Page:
As a retired operative of the auto propaganda community, I watched the schoolyard brawl between Tesla’s Elon Musk and the New York Time’s John Broder with detached interest. I won’t re-hash it again. Unless you live in a monastery in Tibet, and your Samsung Note 2 was impounded, because you were caught masturbating to Google image search, it was impossible to escape the fallout from the war of tweets, blogs, and counter-tweets. To this day, bullets and barbs still ricochet through the Internet. Only hours ago, Musk was still seen tweeting about an “impressively out of touch NYT auto editor,” while the world at large is utterly confused. And that is the true tragedy. This after-action report is dedicated to the victims.
At the end of a modern war, both sides declare themselves winners and go home, leaving behind ruins and scorched earth. Same thing happened after the Total Tesla Twitter War. Both sides of the spectrum, the EV-haters and the EV-lovers, say they won this one. Who lost then? Tesla did, and along with Tesla, the fledgling EV industry. Tesla may have won the argument, but it lost the now completely confounded hundreds of millions of people caught between the tweeting fronts.
The radicals, EV lovers and haters alike, do not need any convincing. Who needs to be convinced are the gasoline-powered hundreds of millions of people, called consumers, who buy a car not as a science experiment, or as a display of political leanings. They buy a car to get them from A to B without fuss, maybe with a spontaneous detour to C. They get anxious when the gas gauge approaches empty, and when there isn’t a gas station after a few more miles, on their side of the road, preferably. They will not buy a car that demands the same level of high anxiety all the way from Washington, DC, to Boston. They also won’t wait an hour for the car to fill up.
The Total Tesla Twitter War, and trust me, none of the hundreds of millions did escape the ferocious carpet bombing, could not have been better planned by an axis of evil, formed by BP, Shell Oil, and Valero. Shell-shocked consumers are left with the impression that a normal ride in one of those electric vehicles must be planned like an Atlantic crossing in a single engine plane. They were told by CNN, a network that had set out to prove Broder wrong, that the “most scary part of the trip” was 200 miles long. They heard that a group of Tesla-aficionados, likewise on the road to exonerate Tesla, needed to be provided with “multiple versions of beta software” flashed onto one owner’s car multiple times, to continue the trip.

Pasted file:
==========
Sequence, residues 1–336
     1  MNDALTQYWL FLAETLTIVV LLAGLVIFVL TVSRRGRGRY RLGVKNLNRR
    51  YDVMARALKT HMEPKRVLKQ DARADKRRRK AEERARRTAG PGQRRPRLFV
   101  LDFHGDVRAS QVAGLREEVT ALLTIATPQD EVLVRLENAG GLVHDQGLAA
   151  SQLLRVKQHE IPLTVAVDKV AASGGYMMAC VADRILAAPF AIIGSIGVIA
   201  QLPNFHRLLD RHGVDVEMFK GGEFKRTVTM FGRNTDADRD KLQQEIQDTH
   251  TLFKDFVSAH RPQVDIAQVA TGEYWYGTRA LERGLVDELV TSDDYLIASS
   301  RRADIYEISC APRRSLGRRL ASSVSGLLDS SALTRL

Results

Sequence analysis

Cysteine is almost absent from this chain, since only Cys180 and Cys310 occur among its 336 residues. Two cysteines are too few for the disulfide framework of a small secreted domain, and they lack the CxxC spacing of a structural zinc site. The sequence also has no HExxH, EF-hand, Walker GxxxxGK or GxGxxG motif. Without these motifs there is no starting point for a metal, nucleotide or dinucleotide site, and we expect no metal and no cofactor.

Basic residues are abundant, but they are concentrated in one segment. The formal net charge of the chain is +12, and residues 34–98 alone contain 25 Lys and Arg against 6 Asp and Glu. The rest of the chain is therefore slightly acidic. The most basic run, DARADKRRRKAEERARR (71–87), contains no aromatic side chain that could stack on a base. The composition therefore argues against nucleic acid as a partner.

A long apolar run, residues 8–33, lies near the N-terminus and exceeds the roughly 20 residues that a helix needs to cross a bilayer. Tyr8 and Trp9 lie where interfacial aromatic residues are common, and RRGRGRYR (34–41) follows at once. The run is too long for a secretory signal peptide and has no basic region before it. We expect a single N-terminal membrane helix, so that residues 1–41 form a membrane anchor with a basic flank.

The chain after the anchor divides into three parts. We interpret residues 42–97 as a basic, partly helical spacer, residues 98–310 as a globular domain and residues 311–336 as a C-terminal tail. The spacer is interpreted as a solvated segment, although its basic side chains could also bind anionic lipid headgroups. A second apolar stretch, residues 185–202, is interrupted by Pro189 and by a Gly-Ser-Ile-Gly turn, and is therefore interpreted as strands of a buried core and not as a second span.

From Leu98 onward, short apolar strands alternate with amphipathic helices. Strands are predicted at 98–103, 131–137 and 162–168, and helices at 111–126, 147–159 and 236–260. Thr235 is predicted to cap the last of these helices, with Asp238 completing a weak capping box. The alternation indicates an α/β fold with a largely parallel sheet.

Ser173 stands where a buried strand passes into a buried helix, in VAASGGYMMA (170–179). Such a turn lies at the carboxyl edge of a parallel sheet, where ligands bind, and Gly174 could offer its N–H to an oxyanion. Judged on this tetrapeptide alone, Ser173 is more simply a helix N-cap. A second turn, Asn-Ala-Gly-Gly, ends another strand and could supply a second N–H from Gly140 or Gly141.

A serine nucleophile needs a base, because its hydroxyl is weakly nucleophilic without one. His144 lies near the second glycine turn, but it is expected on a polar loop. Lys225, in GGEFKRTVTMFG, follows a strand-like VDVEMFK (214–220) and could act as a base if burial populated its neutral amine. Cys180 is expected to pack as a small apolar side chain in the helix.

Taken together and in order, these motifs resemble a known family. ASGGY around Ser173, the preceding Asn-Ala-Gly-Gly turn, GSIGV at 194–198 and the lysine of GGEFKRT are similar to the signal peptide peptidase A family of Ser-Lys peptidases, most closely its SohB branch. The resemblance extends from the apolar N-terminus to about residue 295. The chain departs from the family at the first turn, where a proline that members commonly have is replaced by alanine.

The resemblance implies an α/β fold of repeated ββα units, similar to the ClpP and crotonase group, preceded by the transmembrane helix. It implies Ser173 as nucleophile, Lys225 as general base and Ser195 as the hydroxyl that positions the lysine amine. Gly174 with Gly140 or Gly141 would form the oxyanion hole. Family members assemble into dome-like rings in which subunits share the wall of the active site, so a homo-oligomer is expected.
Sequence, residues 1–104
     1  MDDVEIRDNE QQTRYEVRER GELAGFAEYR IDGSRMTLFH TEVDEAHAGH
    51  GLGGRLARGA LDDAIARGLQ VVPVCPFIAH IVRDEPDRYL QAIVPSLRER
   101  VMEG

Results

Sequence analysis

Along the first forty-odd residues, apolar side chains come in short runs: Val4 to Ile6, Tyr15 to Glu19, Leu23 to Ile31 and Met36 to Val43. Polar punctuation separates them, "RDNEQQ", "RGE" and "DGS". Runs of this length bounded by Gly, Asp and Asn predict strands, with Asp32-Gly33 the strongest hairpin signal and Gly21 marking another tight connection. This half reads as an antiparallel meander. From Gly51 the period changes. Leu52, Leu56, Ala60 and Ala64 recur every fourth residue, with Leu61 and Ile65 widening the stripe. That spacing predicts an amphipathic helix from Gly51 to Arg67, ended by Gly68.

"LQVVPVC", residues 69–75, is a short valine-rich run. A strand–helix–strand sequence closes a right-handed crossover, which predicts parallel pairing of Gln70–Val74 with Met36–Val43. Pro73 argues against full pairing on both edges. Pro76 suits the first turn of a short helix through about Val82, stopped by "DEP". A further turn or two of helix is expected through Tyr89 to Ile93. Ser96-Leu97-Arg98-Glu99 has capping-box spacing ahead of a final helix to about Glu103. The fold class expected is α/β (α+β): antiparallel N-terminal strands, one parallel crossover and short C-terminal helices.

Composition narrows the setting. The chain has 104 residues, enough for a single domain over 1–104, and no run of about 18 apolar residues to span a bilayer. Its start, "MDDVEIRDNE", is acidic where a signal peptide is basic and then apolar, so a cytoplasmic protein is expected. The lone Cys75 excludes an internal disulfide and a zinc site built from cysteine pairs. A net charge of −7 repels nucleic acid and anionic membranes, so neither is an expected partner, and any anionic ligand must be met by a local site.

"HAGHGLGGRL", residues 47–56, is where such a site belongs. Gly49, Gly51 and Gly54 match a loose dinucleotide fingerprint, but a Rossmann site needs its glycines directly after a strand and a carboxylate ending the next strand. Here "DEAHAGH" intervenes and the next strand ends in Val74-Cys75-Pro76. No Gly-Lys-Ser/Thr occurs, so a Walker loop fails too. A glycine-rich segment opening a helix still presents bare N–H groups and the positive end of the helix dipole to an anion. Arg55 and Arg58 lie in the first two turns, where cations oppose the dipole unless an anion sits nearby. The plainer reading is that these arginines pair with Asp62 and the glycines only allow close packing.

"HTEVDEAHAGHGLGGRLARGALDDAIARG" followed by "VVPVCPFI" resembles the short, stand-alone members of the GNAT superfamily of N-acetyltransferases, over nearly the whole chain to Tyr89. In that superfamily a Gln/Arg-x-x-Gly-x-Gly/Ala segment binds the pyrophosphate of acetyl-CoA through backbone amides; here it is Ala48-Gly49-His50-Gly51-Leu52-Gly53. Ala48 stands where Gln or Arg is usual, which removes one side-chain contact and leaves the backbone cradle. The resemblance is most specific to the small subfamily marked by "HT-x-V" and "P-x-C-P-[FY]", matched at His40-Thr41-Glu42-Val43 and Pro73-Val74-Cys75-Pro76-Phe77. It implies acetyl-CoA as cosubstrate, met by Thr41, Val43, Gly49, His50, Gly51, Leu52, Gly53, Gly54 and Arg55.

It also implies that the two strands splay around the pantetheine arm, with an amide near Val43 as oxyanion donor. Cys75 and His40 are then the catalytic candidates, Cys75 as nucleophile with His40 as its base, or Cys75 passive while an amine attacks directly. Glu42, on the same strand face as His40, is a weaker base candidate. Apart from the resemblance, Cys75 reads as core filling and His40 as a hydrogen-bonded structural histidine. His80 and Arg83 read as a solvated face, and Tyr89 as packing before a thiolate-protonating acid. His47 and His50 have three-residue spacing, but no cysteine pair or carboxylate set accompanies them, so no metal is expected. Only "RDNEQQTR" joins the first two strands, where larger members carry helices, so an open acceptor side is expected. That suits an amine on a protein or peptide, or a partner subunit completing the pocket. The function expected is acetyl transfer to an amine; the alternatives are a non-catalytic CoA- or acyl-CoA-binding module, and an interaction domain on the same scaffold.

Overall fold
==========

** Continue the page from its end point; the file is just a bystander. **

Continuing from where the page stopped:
During the Total Tesla Twitter War, hundreds of millions of people, also known as “the car market” learned that to drive an EV, one better pick a not so cold day for the outing, because the heat must be kept down. You must drive below the legal limit, and not stray from the New Jersey Turnpike. The response of the hundreds of millions? “Very interesting. I know, electric cars are the future. Call me when simple people like me can use them.”
The 20 million or so who live around New York City and points East were completely lost to the electric cause once the Cross Bronx Expressway was mentioned in the reports. In a (well-maintained and gassed-up) regular car, that piece of scenic roadway is passed only with the utmost trepidation. In an electric car? “Are you kidding me?”
I was professionally horrified when I heard of Elon Musk taking to Twitter, calling John Broder a fake. If I had not read about it in Reuters, I would not even have noticed the article in the Times. It was Musk’s tweet, and not Broder’s piece that started the war. Where I worked most of my professional life, CEO’s of car companies did not tweet. They didn’t even do email, their secretaries did, somewhere by the turn of the millennium. “But that’s just how Elon is,” said someone who is familiar with the situation, as they say. “If you buy a Toyota, you won’t meet Akio. Buy a Model S, and you will meet Elon. It’s unavoidable.”